In this regard the Government of the Russian Federation must:
– provide rigid control over the activities of interested ministries and agencies when adopting and improving the legal and regulatory base for the use of the Northern Sea Route;
– provide for the development and adoption of legislation that lay down the jurisdiction of the Russian Federation in the Northern Sea Route in accordance with Article 234 of the United Nations Convention on the Law of the Sea dated December 10, 1982;
– finalize the legal and regulatory framework for the use of a state nuclear-powered icebreaker fleet to ensure the functioning of the Arctic's marine transport system (the Northern Sea Route) and preserve and protect Russian interests in the Arctic.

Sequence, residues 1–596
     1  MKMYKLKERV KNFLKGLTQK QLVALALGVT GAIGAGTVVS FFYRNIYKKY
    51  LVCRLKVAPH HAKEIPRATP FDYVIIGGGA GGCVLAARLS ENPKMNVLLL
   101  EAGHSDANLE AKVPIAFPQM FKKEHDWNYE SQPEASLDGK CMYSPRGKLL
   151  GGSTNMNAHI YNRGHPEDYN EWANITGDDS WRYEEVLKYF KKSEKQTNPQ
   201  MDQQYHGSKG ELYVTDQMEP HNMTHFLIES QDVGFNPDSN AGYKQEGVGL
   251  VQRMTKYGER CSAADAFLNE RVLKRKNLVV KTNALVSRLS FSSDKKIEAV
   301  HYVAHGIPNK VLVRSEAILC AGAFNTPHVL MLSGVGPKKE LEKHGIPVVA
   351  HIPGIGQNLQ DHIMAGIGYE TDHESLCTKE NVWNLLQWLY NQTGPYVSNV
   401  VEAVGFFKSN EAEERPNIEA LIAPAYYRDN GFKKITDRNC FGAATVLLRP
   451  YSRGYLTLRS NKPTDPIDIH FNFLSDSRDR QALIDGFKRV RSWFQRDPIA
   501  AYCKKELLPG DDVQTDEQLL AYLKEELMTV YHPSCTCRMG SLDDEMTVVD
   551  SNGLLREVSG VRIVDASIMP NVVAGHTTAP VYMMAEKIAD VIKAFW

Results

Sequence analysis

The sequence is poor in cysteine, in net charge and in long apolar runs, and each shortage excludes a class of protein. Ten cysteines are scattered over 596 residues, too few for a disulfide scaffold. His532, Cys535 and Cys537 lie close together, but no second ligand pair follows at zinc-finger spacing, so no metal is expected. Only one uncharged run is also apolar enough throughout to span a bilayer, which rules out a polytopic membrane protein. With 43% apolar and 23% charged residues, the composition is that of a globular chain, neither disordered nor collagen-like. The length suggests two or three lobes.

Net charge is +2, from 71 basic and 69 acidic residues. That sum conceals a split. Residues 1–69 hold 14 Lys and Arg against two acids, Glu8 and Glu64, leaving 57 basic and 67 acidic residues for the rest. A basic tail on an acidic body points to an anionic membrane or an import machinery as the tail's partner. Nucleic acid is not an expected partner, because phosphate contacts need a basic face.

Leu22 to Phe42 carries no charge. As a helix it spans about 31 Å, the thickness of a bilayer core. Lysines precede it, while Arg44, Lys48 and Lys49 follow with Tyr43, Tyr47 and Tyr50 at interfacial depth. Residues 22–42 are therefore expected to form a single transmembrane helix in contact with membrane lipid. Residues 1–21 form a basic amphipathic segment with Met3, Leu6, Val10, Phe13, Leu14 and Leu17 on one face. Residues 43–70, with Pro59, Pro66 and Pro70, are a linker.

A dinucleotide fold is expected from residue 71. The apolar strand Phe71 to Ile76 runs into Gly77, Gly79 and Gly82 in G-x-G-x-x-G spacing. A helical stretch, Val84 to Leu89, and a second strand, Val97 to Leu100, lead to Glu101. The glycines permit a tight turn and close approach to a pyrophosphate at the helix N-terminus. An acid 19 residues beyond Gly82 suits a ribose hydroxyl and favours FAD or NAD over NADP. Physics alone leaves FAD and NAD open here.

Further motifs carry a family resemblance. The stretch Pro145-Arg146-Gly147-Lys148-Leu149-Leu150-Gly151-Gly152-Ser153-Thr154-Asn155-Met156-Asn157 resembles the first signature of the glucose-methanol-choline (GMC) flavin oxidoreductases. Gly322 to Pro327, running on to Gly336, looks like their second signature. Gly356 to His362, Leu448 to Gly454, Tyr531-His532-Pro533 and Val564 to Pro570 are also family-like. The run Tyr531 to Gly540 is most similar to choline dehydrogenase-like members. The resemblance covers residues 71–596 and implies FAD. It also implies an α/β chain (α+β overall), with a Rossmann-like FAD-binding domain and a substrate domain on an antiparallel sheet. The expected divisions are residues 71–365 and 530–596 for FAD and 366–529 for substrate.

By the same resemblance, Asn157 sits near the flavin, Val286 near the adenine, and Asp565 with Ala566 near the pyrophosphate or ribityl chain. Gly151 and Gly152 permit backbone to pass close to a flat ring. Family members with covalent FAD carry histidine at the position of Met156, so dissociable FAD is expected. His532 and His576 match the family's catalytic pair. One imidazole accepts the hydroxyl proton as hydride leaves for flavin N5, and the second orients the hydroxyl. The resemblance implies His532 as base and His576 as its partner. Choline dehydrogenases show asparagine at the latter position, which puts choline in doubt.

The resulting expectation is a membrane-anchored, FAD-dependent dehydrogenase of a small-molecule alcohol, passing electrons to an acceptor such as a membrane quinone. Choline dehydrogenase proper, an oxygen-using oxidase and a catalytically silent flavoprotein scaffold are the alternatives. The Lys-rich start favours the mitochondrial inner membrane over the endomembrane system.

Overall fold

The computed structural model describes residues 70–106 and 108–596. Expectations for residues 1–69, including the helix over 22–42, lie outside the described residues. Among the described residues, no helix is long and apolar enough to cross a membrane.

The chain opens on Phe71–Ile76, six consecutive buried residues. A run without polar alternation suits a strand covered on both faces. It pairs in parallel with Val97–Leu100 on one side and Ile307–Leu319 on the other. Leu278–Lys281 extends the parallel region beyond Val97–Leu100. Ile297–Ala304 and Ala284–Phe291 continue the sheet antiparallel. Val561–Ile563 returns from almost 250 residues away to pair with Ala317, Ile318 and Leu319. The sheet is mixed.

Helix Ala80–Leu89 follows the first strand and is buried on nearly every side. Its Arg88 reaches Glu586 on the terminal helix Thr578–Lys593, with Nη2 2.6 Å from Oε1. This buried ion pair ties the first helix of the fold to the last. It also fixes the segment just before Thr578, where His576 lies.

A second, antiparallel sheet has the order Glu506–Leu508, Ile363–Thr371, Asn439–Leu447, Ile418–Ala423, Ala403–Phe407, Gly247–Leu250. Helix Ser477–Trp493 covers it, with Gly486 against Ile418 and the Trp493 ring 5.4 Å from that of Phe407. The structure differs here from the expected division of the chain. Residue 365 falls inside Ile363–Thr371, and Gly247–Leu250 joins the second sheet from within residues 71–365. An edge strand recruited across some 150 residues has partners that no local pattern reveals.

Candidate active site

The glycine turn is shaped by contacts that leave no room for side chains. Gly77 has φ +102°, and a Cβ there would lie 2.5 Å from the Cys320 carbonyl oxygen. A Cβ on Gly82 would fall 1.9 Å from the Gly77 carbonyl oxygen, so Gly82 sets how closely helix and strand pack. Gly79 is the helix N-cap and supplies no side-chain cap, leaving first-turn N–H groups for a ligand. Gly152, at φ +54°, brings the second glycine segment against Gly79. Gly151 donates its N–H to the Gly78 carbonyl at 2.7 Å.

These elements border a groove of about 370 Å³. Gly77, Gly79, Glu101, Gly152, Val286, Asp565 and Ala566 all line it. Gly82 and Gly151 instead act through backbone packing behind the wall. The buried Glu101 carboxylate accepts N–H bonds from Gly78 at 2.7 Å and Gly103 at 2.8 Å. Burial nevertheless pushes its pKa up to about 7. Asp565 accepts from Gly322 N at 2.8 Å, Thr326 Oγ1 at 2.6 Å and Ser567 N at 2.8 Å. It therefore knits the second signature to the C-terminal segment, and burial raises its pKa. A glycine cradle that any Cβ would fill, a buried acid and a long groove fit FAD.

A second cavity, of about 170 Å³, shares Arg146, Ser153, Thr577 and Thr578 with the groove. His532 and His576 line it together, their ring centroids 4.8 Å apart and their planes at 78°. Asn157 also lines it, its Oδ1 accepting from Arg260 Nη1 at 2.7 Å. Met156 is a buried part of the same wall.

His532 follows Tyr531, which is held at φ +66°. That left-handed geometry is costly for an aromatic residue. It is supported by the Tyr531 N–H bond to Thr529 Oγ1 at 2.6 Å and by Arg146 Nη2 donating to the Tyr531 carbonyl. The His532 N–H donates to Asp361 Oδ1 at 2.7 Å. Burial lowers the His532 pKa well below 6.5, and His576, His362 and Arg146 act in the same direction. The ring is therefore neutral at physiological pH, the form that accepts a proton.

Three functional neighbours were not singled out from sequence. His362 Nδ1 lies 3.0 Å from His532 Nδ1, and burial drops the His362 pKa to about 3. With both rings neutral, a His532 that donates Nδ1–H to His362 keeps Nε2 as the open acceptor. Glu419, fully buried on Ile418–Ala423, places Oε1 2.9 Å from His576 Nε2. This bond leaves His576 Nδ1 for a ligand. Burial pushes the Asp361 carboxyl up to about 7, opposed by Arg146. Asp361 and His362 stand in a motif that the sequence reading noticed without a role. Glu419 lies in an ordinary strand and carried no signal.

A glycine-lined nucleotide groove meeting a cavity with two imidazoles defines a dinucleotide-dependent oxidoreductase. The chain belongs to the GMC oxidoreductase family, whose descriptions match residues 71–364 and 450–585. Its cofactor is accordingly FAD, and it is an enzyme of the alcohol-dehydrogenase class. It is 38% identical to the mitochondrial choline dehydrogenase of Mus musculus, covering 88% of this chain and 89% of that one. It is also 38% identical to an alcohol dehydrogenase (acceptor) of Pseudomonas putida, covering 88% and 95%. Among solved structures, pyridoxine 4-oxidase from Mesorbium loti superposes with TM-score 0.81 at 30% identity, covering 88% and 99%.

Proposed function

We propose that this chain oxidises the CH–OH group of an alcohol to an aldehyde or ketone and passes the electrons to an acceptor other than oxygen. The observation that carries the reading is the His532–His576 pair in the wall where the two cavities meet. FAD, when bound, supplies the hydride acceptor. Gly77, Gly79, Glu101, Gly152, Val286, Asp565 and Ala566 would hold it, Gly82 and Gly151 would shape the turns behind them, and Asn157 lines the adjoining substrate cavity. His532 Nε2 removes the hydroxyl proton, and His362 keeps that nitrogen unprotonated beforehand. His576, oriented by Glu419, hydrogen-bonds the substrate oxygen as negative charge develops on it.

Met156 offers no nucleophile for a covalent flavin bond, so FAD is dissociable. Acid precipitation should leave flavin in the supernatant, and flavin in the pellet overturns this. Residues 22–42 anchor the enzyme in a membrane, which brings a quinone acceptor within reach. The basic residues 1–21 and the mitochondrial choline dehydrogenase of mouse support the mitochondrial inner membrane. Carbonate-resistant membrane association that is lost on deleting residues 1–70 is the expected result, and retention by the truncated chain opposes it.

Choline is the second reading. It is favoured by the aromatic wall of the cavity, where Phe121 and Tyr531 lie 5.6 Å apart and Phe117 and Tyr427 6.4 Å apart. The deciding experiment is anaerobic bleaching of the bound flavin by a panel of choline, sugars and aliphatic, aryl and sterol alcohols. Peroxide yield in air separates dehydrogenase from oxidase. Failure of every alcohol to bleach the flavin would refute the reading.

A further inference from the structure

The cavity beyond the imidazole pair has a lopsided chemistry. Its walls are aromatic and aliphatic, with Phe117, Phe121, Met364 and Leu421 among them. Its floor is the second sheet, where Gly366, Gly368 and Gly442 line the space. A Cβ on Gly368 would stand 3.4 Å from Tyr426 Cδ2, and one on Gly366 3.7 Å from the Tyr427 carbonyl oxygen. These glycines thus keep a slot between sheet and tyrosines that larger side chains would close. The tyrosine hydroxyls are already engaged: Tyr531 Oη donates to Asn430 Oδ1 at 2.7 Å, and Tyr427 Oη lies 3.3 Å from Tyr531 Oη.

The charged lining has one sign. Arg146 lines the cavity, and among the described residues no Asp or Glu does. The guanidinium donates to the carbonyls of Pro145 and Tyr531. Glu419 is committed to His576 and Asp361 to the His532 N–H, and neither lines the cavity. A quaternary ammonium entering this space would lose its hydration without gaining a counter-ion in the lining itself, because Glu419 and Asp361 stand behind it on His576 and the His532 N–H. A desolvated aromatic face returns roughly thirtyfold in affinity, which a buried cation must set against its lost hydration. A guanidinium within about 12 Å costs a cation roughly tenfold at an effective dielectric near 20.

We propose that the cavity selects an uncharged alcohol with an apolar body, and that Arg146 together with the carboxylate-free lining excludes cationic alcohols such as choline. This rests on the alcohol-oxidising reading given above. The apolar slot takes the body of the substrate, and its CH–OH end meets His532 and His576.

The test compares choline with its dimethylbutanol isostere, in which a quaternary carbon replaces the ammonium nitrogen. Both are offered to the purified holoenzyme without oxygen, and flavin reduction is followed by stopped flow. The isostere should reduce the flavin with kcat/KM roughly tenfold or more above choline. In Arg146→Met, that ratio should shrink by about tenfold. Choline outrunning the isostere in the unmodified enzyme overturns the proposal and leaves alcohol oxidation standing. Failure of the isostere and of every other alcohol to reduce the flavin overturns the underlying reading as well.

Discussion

These objectives are set out in the document entitled "The Foundations of the Russian Federation's State Policy in the Arctic until 2020 and Beyond
", approved by the President of the Russian Federation on September 18, 2008. The document contains a complete list of measures to strengthen Russia's sovereignty over the Northern Sea Route, make use of the route for international shipping under Russian jurisdiction, and include the resources of the Arctic zone in the development of the country's economy. Experience has shown that a state nuclear-powered icebreaker fleet will play a significant crucial role in carrying out these tasks. Back